Yet the 25-year-old has plenty more serious matters to curse about regarding visits to the national stadium. Following his £1.5 million move from FC Midtjylland in January, he made his debut, from the bench, in the excruciating League Cup semi-final undoing by Ross County. Three months later, his only goal in Celtic colours so far merely proved a precursor to a penalty shoot-out exit at the hands of Rangers in the last four of the Scottish Cup.
Last season’s cup calamities under Ronny Deila don’t appear to bother Sviatchenko as much as they might do. The new broom swept by successor Brendan Rodgers seems to have brushed away painful memories.
“I think it is two worlds to be honest,” the cerebral centre-back said of Celtic this season compared with last. “It’s like night and day now between then and our current situation. I can’t even remember what happened back then because since then there have been so many great things.”
Yet Sviatchenko believes these moments are being racked up for more than the obvious footballing contrasts between the Deila and Rodgers versions of Celtic. “One thing is how we play but also socially people are really helping each other off the pitch; they are getting close to one another and that is a really important thing the manager did when he came in. He combined everything, brought everyone together and people now want to do the best for each other.
“The positivity in the squad shines from everyone – that has been a big change. And it’s the way we play as well. We are the best team when we go on the pitch now, when last season we could lose a game and struggle after 70 minutes.”
Now Scottish opponents struggle to cause Celtic to lose a goal. It is 688 domestic minutes since they last conceded one. They have won 14 of their 15 domestic encounters, with only a late equaliser in an encounter they dominated in Inverness preventing them having a 100 per cent record on the home front across three months. Sviatchenko has formed a rock-solid partnership with Jozo Simunovic, even as the Croatian has been deployed in only one game a week as the club protect him following knee problems.
The duo – expected to line up together at Hampden – even stood up well as Celtic were beaten 2-0 by Barcelona on Wednesday, a result that condemned them to bottom place in their difficult Champions League group and ensured European football will not be hosted in Scotland again this season.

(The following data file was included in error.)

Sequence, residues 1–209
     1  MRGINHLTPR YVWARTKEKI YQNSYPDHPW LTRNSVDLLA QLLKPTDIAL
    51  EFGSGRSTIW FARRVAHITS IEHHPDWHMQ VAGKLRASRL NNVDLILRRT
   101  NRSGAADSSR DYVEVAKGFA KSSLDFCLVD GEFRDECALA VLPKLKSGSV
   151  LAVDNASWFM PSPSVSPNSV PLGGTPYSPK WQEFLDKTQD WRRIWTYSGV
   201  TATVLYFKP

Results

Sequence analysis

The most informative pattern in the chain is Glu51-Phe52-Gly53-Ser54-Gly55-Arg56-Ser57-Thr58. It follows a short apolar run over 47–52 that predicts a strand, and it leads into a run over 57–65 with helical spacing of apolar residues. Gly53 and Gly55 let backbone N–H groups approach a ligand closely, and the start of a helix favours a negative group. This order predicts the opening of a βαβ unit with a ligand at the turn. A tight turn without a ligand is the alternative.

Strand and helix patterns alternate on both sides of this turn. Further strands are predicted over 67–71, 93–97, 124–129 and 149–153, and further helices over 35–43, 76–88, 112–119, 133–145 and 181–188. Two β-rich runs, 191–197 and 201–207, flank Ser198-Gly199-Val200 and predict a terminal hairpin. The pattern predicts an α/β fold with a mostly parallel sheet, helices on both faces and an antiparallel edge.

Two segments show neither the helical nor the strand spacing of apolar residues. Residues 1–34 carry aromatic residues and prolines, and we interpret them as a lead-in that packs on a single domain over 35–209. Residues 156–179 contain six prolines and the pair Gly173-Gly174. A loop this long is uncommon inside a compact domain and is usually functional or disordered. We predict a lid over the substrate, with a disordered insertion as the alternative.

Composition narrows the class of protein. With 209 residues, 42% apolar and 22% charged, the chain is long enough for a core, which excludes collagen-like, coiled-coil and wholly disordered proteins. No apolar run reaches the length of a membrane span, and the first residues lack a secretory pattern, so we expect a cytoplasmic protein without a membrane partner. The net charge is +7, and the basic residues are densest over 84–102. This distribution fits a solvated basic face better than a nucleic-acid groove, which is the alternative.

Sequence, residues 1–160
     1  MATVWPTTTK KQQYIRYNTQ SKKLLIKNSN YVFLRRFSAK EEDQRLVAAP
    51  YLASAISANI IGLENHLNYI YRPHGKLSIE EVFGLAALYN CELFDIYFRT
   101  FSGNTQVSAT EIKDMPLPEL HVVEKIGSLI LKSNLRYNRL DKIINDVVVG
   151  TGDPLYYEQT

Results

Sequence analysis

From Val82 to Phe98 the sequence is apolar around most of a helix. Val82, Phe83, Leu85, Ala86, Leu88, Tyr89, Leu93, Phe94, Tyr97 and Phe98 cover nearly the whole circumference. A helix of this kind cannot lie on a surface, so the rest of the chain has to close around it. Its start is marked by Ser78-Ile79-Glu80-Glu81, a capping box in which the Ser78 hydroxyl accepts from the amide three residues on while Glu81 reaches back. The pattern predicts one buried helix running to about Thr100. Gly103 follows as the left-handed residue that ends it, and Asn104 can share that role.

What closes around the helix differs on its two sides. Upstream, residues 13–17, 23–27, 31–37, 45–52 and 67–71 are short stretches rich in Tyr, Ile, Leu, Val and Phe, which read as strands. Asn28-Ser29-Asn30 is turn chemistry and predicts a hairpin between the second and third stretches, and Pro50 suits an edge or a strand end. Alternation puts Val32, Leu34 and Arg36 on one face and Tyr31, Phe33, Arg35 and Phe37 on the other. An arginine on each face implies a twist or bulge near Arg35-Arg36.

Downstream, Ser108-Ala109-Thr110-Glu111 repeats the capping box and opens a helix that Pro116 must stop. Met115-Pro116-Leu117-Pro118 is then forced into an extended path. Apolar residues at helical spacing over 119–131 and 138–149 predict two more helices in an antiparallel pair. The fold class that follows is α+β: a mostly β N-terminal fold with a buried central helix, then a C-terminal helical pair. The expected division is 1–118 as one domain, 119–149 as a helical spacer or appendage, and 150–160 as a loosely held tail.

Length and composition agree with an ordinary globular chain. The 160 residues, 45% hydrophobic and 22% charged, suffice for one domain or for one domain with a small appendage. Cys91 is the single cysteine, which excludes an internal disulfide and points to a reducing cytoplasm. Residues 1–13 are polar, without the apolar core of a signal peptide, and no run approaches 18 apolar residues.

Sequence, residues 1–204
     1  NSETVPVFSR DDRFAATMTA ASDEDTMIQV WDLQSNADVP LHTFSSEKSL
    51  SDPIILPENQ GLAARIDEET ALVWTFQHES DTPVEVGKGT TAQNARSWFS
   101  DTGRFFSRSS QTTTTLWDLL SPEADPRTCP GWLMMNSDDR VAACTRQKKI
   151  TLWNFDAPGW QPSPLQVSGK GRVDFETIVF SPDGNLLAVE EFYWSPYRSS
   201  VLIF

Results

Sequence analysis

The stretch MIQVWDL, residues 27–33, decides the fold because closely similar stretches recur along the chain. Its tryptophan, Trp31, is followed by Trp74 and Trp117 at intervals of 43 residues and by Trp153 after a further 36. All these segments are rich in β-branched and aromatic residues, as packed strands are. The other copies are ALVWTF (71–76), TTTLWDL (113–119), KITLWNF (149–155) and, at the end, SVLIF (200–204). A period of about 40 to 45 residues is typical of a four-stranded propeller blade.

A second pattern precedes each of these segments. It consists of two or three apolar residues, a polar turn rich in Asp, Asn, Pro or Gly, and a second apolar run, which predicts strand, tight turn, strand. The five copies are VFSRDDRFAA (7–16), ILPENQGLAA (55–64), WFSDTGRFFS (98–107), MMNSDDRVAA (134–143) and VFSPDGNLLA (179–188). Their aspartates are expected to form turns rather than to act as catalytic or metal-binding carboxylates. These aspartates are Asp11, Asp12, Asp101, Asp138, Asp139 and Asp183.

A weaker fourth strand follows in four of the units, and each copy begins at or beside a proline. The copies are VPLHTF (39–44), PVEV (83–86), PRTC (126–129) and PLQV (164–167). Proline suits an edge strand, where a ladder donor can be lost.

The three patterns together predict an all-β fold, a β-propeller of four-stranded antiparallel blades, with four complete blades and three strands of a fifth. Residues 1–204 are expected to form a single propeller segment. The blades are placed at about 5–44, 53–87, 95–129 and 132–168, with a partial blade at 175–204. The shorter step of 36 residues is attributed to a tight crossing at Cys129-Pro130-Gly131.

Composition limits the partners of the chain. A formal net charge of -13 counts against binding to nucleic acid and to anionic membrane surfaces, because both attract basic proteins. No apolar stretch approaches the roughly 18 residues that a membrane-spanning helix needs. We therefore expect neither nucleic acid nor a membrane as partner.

Possible fatigue from Celtic’s midweek exertions has been one factor in people talking up Derek McInnes – as he must – playing up Aberdeen’s prospects this afternoon. However, with his side already having lost twice to Rodgers’ men this season, all evidence points to a first cup success for a Sviatchenko, who experienced two final losses in Denmark.
“I think Aberdeen continued their work from last season,” the defender said. “At Celtic Park we had a game where we dominated throughout and won quite easily [with a 4-1 win in August]. But, again, at Pittodrie it was a different game. I remember I said they were bullying us, but we bullied them back [to win 1-0 in October]. I think we also showed in that game that we were able to have that aspect in our game, that we can be nice with the ball but when we have to fight we fight. But they are tough competition and I think it will be a good final.”
Not one wherein the Dane expects to pick up a third losers’ medal, though. “I feel we are much less vulnerable now. We know our shape, fitness is so good that we can bomb on for 90 minutes and sometimes the opponent will maybe tire after 70 to 75 minutes. That’s where we need to be the best team.
“The sort of stat [688 minutes without losing a goal domestically] is always nice to have. It’s having the confidence going into a game of knowing that you are so difficult to beat because you are so difficult to score goals against. If no-one is scoring goals against us we will probably win because we score goals. As a defender a clean sheet is always your goal to take away from a game. But it’s not only defenders, it starts off at the strikers because it needs to mean something for the striker to keep a clean sheet. I think that is something that is put into the team: that it’s important to everyone, not just the defenders.”
It is important, too, for Sviatchenko, whose father is an artist, to see the bigger picture. He genned up on Celtic past before he made the move ten months ago and recently bought a club history to learn more, which he sees as a matter of “respect” for the team he plays for.
This afternoon provides him with the opportunity to book a place in any future archive material, with Celtic seeking to secure the club’s 100th major trophy. “It would be really big. To be a part of club history is something that always means a lot to a player,” Sviatchenko said.
“I was part of five in a row and for me it was quite big to be a part of that. If I were to be a part of the 100th trophy that would be something I’d always remember. It would big to achieve that.”